Deportation occurs when the United States orders an individual to leave the country. Deportation, also known as removal, can be difficult for individuals and families. The laws surrounding deportation are complicated, and hiring a deportation/removal attorney is highly recommended.
Professional attorneys may be able to offer arguments against deportation, including any one of the following:
- Cancellation of an order of removal
- Prosecutorial discretion
- Requests for asylum
- Arguments based on the U.N. Convention Against Torture, and
- Appeal of order or removal.
Your lawyer will fight to help you stay in the country. A lawyer is your safest bet at staying where you are.
What Is Removal?
Removal occurs when the United States government decides that a foreign-born individual should no longer be in the United States and legally removes that person from the United States.
Reasons for Deportation
Because staying in the United States is a privilege and not a right for non-citizens, the United States government can force an individual to return to their home country for several reasons, such as:
- Committing fraud or misrepresenting a material fact to get a visa, green card, etc.
- Convicted of a narcotics crime (possessing a minimal amount of marijuana may be an exception)
- Convicted of murder, illegal trafficking of firearms, money laundering, or crime of violence that carried a sentence of 5 or more years (Attempt or conspiracy to perpetrate these crimes is also grounds for deportation)
Can a Person Reapply for Admission into the U.S. After Being Deported?
In many cases, yes. The applicant would need to fill out immigration Form I-212, “Application for Permission to Reapply for Admission into the United States after Deportation or Removal.” The form can be acquired through U.S. immigration authorities and should be submitted to the appropriate agency.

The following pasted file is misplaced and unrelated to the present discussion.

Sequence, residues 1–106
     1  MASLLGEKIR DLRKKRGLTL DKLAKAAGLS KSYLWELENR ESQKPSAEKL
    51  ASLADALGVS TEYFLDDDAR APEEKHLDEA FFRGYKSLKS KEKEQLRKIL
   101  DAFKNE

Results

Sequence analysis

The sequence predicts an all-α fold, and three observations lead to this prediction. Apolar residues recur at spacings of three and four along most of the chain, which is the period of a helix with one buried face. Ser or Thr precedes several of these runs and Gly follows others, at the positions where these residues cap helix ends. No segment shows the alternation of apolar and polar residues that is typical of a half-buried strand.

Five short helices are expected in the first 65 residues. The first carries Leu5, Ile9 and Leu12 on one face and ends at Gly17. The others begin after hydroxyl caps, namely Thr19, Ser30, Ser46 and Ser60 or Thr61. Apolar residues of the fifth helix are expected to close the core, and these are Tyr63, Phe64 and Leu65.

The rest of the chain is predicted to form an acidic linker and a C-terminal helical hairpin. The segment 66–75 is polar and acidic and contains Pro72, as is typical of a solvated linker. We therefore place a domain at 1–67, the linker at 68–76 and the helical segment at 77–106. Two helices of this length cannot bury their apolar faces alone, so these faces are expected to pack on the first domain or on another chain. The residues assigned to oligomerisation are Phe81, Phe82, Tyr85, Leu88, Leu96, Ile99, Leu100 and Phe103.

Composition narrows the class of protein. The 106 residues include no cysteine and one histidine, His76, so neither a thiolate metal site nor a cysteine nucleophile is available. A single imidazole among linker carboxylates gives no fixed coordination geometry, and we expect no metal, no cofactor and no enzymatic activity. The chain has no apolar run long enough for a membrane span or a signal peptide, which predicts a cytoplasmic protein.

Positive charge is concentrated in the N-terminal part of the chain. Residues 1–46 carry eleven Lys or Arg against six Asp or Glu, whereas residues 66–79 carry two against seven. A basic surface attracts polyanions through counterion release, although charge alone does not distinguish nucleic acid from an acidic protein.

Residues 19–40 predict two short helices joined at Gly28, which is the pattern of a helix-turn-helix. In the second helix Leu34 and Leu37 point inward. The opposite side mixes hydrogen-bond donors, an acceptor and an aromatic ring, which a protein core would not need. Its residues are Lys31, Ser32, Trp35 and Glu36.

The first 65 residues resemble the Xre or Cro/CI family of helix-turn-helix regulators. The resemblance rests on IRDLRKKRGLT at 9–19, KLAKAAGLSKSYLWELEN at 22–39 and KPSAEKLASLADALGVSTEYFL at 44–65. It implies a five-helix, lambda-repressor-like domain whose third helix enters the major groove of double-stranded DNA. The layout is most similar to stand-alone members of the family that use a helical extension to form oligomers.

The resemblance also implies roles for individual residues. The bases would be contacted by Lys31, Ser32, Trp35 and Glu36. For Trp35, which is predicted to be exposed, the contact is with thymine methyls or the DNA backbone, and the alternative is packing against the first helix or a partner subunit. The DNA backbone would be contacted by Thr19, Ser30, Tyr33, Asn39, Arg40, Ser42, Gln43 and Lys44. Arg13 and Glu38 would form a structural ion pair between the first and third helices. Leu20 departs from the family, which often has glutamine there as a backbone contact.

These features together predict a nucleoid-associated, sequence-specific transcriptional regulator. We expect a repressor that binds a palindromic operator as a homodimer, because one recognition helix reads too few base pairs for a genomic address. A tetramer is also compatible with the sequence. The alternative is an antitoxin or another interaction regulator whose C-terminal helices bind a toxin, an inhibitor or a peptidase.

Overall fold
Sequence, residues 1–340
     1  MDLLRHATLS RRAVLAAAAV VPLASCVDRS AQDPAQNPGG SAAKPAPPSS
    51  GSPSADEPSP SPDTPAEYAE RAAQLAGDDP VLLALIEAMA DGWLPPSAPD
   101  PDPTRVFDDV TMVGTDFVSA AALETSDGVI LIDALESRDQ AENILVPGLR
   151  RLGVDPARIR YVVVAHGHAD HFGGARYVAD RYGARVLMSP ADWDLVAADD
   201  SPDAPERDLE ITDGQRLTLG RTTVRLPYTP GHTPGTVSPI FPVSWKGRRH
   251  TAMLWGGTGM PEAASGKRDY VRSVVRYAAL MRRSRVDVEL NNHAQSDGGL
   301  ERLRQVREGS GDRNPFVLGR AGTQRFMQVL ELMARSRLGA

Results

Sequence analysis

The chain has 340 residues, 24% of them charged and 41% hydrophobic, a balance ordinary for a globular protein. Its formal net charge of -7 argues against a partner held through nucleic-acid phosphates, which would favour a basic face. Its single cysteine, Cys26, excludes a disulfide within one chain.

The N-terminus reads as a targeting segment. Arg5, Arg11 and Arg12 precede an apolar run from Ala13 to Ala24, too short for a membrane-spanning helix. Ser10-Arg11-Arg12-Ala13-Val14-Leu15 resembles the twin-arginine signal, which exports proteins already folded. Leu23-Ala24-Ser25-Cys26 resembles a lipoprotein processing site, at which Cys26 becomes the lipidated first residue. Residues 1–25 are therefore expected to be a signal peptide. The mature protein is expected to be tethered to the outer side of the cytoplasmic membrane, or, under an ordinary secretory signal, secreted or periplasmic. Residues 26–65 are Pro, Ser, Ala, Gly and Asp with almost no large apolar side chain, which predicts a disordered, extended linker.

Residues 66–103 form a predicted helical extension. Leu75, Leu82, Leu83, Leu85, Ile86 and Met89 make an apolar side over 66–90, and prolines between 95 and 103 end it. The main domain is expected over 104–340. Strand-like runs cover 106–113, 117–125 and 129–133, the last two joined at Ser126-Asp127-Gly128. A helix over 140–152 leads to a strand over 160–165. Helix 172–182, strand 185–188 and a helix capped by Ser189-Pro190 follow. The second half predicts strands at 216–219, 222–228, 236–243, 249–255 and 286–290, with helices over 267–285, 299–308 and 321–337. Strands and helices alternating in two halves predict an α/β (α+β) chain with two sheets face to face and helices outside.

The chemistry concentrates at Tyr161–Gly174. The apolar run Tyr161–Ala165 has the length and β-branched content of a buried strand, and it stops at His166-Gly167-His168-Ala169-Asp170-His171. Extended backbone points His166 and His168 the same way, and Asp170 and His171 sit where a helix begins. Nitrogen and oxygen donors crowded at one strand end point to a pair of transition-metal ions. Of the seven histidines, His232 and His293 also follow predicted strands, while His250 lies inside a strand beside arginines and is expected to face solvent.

Through voluntary departure, those who have left the U.S. will also need to file an I-212 form if they wish to be readmitted into the country. There is usually a bar or waiting period after the individual is deported before they can submit the I-212. These are:
- The 5-year bar for first-time offenders, including those subjected to expedited removal, and for those removed upon their arrival in the U.S.
- The 10-year bar for aliens removed after a removal hearing while in the U.S.;
- The 20-year bar for aliens removed more than once; and
- The permanent bar for removal based on a conviction for an aggravated felony
So, for instance, a person who was removed after being subjected to a removal hearing while in the U.S. will have to wait for ten years before they can file a Form I-212 for readmission.
What Are the Eligibility Requirements for Form I-212?
There are no fixed eligibility requirements for Form I-212: Each application is reviewed case-by-case. Each deportation/removal case is different, and there are various factors involved with each applicant. Some of the elements that the immigration judge considers may include:
- The reason for the earlier deportation(s)
- How recently the deportation/removal materialized
- How long the applicant lived in the U.S. (a positive factor only if the residence was not unlawful)
- The applicant’s moral character and regard for law and order
- Proof that the applicant has been reformed or rehabilitated (such as completion of a rehabilitation program)
- The applicant’s family commitments
- The applicant’s inadmissibility under different sections of U.S. law
- Problems experienced by the applicant
- Whether the applicant is needed for services or employment in the U.S.
All of these elements will be considered when the application is examined. It is usually necessary for the applicant to attend an immigration hearing for further questioning and review. When the application is filed, there may also be waiting periods (at least 3-4 months) and fees.
What is “Illegal Re-entry” After Deportation?